So this principle of super position is fantastic. It's very easy mathematically. Any wave you like, a sinusoidal wave, any arbitrary wave, if you've got two of them and you interfere them - that means you run them past each other, you simply add the displacements. Lots of practical applications.
You know, some of the times in life when you have waves interacting it seems really weird. Like if you're tuning a guitar and you've got two strings that are supposed to be the same pitch and you play them together, you'll hear this effect that's called "beating." We'll talk about it in a future tutorial. What you hear is it gets louder and softer, louder and softer, and you think, "This is really unusual physics. How can I understand it?" And we'll see it's nothing more than the principle of super position. You've got two sound waves and you add them, and what you get sometimes can be surprising, like when up waves cancel with down waves and you get quiet - nothing for a while. Interesting physics with interference.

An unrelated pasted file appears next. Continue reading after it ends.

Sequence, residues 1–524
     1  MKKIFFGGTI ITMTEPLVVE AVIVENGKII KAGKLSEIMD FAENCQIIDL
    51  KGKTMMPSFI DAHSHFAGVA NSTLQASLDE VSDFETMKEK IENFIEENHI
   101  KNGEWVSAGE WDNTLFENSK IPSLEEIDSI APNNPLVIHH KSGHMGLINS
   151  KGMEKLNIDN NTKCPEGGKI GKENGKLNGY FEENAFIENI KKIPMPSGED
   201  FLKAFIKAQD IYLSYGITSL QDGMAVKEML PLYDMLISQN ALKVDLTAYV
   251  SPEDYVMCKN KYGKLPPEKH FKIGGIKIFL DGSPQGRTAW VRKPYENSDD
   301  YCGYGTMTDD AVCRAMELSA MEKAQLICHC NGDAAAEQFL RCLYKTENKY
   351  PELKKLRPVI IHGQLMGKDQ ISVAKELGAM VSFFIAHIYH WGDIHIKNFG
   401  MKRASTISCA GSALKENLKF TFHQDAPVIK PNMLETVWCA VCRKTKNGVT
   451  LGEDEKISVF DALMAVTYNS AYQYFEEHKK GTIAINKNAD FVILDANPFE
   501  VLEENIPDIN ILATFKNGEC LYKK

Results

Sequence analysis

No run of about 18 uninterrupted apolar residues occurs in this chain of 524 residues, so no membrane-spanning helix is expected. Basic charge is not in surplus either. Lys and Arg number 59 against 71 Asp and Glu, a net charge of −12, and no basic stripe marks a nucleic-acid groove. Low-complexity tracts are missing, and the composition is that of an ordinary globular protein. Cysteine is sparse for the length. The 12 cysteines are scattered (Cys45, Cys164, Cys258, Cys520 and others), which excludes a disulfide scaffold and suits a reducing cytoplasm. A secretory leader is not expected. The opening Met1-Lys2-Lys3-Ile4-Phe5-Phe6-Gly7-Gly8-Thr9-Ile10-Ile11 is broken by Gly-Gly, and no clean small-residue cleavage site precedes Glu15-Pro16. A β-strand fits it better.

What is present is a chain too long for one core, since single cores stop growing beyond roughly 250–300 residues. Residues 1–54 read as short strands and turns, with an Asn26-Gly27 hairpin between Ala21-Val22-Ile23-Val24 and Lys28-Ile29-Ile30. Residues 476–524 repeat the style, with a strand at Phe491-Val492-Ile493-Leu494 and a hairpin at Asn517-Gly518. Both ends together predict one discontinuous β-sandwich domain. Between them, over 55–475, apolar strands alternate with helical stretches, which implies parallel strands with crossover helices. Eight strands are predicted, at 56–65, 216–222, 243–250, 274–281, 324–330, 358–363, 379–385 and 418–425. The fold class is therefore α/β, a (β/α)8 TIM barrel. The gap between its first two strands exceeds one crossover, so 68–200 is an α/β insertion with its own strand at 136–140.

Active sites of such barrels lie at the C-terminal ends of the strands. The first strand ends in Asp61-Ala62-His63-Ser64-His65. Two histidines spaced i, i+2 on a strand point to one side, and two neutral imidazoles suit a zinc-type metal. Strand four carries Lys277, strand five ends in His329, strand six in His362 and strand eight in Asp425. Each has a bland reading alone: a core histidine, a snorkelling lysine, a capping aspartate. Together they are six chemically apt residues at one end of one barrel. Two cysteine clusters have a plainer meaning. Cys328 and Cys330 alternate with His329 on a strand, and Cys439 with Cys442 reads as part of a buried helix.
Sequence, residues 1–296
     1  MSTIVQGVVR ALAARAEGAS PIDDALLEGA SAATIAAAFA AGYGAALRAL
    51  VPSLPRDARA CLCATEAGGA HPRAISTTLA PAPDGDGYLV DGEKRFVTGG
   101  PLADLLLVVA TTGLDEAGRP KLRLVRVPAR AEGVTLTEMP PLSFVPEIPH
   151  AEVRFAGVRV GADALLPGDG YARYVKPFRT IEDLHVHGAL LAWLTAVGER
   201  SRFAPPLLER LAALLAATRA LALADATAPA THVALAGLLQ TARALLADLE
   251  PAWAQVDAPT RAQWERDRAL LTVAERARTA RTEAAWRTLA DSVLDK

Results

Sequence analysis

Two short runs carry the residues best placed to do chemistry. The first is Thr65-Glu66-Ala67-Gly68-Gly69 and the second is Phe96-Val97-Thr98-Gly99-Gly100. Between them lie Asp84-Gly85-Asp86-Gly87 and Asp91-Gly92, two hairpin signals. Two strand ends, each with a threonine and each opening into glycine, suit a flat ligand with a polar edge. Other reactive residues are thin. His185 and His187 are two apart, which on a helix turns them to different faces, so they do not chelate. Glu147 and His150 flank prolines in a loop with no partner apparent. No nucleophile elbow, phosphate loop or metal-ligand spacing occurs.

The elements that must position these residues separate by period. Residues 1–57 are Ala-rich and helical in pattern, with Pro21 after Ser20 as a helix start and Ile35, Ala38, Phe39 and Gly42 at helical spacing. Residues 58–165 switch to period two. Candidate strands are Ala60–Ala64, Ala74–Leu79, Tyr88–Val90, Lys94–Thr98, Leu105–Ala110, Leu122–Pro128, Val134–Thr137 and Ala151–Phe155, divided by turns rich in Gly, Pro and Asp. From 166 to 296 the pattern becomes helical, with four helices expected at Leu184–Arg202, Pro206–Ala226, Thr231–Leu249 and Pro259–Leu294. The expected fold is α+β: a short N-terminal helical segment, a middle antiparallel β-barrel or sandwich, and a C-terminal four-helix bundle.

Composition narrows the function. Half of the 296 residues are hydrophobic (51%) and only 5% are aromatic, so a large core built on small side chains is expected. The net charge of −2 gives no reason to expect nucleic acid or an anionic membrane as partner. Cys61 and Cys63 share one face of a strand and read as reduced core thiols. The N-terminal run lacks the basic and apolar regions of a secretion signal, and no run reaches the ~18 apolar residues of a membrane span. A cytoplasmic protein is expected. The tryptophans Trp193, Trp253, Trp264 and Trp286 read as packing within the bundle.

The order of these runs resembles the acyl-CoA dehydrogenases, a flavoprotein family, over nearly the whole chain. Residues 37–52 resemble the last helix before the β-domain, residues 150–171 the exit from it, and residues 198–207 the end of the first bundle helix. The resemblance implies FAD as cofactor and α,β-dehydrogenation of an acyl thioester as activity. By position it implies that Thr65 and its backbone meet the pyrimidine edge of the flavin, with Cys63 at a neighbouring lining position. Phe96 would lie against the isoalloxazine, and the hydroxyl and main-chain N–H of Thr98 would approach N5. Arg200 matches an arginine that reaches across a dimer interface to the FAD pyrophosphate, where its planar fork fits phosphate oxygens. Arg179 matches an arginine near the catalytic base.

Waves on Top of Waves
Reflection, Transmission, and Superposition Page [3 of 3]